Intel Quark
Intel enters takes on Arduino with low-cost Quark D2000 microcontroller. In picture: Intel CEO Brian Krzanich introduces Intel's Edison, a new personal computer in the size of an SD card, during the annual Consumer Electronics Show (CES) in Las Vegas, Nevada January 6, 2014. The Edison, based on Intel's Quark technology, has built-in wireless capabilities and supports multiple operating systems, according to the company.Reuters

Targeting makers while also wanting to plant itself firmly in the internet of things (IoT) space, Intel has launched what is probably its cheapest microcontroller — the Quark D2000. Priced at $15, the entry-level developer board is powered by a 32MHz processor and 8KB SRAM.

According to Intel, the microcontroller can be used in a variety of environments, ranging from retail, where it can control displays monitors, to smart buildings, where, say, with the help of an ambient light sensor, it could automatically open and close the blinds. Users can also hook up other low-power components and tinker with its applications.

"These boards typically provide a cheap way to prototype electronics or to make domestic devices," said Kaustubh Nande, Country Marketing Head, ANSYS India, which helps develop IoT devices. "With a $15 price point, the board provides a very low cost way to model electronics and other innovative gadgets. With lower price points you tend to reduce entry barriers significantly to drive innovation on gadget ideas and prototypes," he adds.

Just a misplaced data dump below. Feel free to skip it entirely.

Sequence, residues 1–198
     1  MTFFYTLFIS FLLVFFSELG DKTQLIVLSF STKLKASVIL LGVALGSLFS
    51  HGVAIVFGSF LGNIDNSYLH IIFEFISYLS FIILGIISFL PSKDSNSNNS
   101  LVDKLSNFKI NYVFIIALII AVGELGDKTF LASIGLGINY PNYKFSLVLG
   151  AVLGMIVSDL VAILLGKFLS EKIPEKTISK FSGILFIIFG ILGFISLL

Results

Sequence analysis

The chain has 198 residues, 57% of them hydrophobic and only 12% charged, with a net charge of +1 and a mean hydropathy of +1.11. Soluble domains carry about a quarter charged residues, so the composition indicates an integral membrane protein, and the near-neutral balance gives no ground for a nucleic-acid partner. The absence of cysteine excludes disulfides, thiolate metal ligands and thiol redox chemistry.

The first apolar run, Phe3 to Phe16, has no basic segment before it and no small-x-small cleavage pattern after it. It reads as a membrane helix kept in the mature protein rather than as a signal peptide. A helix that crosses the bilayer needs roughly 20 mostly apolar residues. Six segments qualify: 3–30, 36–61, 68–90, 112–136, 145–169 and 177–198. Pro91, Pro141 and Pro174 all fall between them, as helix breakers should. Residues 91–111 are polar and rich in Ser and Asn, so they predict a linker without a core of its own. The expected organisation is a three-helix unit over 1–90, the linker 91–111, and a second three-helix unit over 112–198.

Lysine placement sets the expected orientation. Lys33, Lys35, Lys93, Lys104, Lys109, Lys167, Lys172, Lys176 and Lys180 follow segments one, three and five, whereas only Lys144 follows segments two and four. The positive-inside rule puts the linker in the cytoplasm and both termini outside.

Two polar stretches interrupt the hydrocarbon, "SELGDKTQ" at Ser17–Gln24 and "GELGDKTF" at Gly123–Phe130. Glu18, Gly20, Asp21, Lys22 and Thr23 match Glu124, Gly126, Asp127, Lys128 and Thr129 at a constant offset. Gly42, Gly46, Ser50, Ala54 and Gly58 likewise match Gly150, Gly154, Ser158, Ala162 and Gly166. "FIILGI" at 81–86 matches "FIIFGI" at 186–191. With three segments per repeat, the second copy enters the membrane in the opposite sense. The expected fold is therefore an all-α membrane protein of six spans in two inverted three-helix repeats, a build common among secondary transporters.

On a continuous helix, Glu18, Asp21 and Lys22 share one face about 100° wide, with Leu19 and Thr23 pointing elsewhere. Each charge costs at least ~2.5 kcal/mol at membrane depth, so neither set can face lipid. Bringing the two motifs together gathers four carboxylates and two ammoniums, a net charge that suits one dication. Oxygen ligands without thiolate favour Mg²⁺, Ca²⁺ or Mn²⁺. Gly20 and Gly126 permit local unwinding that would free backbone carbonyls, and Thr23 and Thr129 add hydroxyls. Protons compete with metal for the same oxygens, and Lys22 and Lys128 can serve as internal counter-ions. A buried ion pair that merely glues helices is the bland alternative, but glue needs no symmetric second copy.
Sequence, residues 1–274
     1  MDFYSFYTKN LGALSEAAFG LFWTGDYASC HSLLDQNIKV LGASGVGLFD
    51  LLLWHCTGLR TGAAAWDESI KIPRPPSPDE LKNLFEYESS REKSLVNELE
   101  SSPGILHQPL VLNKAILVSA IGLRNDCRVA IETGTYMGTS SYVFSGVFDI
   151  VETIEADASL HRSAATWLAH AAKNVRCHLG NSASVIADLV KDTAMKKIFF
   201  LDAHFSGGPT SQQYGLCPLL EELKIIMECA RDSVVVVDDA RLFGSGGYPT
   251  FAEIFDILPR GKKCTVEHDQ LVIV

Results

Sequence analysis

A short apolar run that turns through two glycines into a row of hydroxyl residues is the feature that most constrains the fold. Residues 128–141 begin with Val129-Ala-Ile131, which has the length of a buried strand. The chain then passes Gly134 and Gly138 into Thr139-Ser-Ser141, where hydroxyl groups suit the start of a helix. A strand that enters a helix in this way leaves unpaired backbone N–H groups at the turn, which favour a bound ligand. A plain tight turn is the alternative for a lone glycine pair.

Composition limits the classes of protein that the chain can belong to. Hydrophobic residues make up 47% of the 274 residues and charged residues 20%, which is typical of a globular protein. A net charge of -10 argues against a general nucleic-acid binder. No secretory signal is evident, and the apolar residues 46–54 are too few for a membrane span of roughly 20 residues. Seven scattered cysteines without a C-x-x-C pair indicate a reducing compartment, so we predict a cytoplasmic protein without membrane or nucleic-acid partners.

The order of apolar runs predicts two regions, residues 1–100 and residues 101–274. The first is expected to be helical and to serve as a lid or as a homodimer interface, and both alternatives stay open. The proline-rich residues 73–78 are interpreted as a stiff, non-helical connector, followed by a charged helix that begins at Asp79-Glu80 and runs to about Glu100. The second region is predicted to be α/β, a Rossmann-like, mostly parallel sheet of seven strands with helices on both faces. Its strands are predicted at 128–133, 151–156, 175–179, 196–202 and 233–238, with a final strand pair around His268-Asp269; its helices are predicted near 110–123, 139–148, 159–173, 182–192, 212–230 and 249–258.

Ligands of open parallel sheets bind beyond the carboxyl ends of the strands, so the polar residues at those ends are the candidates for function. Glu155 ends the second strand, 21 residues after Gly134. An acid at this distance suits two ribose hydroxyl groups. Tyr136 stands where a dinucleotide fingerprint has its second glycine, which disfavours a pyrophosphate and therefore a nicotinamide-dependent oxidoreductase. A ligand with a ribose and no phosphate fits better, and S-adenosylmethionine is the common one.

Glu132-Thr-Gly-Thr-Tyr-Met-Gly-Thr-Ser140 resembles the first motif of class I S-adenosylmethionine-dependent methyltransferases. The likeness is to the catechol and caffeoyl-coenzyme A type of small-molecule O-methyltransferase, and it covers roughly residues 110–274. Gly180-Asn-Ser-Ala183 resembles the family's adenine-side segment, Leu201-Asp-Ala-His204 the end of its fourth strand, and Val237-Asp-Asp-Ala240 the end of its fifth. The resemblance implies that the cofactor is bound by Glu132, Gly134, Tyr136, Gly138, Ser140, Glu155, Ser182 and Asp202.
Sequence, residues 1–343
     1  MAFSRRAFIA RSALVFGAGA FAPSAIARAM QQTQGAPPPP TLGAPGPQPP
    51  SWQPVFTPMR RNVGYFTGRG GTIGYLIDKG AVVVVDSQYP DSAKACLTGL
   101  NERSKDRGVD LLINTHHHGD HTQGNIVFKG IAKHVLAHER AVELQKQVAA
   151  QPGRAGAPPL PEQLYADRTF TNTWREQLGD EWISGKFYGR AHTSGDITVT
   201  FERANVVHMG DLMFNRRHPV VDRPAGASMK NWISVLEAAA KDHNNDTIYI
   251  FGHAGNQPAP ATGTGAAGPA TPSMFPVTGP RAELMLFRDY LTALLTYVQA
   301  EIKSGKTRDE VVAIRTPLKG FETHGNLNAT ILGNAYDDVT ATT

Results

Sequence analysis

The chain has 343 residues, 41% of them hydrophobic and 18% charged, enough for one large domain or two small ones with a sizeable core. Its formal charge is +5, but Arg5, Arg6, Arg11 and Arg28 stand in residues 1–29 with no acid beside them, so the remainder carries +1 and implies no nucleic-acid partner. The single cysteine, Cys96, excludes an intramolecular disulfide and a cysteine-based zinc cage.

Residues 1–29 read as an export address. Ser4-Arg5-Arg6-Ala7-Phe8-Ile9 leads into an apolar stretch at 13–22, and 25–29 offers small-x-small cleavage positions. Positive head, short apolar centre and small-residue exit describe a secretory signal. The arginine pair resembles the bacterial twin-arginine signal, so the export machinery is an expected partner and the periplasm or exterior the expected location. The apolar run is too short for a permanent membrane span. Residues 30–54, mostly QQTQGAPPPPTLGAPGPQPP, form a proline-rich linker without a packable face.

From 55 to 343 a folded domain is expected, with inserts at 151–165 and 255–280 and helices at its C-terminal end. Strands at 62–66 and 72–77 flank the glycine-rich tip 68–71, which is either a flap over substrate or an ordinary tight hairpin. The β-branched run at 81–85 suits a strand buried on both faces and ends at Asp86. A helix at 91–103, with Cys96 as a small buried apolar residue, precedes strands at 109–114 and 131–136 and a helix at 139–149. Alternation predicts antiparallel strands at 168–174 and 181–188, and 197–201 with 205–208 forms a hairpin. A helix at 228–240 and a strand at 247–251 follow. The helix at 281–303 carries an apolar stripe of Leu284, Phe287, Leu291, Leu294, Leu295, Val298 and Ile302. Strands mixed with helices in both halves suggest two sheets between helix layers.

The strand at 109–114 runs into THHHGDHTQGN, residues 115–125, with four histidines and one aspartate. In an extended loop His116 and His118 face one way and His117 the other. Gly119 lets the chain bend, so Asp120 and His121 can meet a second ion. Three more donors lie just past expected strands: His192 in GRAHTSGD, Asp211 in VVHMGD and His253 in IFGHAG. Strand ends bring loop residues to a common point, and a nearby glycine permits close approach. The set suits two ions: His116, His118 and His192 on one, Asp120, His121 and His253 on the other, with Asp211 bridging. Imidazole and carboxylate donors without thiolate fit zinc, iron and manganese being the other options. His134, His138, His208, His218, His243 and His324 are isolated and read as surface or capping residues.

The Quark D2000 can be programmed via Intel's System Studio for Microcontrollers and according to Intel is interoperable with other Intel-based systems as well.

The D2000 has a six-axis accelerometer, a magnetometer with a temperature sensor, and one USB 2.0 port and can be powered either via a coin cell battery or a 5-volt power input.

The Quark D2000 is the latest microcontroller to join the Quark-powered line-up that Intel offers. Apart from the D2000, Intel's Quark chip also powers the D1000 microcontroller and the Quark SE microcontroller.

The microcontrollers can be purchased from Intel's partners.

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